The Most Surprising Thing I Learned Today
The most surprising thing I learned today comes from the opening paragraph of a paper by Anne Case and Christina Paxson:
In late 19th Century Europe, adult height was attained at age 26.
This is just one reminder of how radically life has changed in the last 100 years. At least in the developed world, we have moved from a life of subsistence to a life of luxury.
The rest of the Case and Paxson paper, titled “Stature and Status: Height, Ability, and Labor Market Outcomes,” is interesting, too. Dubner tangentially mentioned this paper in a post a while back, but I think it deserves even more discussion.
It is well documented that tall people tend to hold high-status jobs and earn high wages. There are many possible explanations for this: height is a useful job attribute for some reason; other people mistakenly think tall people are more intelligent than they really are; being tall in high school gives you the confidence to succeed in the work force; etc.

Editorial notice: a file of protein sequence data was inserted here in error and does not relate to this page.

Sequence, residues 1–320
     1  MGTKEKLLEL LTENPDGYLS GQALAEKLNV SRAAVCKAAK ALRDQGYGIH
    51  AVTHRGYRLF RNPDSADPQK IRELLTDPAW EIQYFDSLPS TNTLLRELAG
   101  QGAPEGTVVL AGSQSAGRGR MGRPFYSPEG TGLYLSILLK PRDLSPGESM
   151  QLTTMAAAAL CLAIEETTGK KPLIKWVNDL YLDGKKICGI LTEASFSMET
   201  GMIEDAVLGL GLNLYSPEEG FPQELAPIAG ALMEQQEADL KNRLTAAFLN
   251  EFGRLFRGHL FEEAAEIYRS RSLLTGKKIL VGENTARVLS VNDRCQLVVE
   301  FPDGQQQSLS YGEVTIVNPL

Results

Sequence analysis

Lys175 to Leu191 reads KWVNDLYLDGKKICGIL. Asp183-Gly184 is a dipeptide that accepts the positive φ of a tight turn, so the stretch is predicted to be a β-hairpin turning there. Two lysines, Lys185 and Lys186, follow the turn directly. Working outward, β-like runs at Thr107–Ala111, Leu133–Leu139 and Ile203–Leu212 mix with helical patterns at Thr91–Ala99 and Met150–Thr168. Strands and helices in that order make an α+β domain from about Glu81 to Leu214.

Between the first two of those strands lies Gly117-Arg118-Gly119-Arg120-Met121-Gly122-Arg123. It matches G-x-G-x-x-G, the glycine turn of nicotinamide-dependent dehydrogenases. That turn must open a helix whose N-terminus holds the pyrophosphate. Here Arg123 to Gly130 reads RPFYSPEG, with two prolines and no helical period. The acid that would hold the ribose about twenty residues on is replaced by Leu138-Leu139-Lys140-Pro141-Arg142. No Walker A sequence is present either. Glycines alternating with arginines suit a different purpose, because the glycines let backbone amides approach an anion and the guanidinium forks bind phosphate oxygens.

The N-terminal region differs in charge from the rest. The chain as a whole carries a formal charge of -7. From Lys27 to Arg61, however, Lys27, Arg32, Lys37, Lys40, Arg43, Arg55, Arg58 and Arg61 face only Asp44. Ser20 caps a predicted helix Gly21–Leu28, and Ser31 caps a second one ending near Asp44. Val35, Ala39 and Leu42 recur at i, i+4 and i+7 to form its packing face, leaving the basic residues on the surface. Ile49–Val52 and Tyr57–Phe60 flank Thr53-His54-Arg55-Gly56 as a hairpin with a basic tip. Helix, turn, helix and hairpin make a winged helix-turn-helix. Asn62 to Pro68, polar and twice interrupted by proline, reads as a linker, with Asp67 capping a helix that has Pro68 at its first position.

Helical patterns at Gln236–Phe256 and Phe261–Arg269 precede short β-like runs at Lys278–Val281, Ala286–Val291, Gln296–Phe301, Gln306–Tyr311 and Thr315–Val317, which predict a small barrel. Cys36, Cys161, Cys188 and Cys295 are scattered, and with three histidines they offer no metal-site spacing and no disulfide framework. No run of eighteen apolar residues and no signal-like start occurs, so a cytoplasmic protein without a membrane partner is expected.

Case and Paxson suggest a completely new explanation for the link between height and high wages: taller people earn more because they are smarter on average. They document that, as early as age three (before schooling has had a chance to play a role), taller children perform significantly better on cognitive tests. These higher scores persist through childhood. I find their evidence pretty convincing — though this is not good news for my four year old son, who is currently in the 5th percentile for height, just like I was at his age.
It is not often that someone tackles a commonly-researched problem and is nonetheless able to offer a new and convincing alternative explanation. I offer them the highest compliment I can think of: I wish I had thought of that!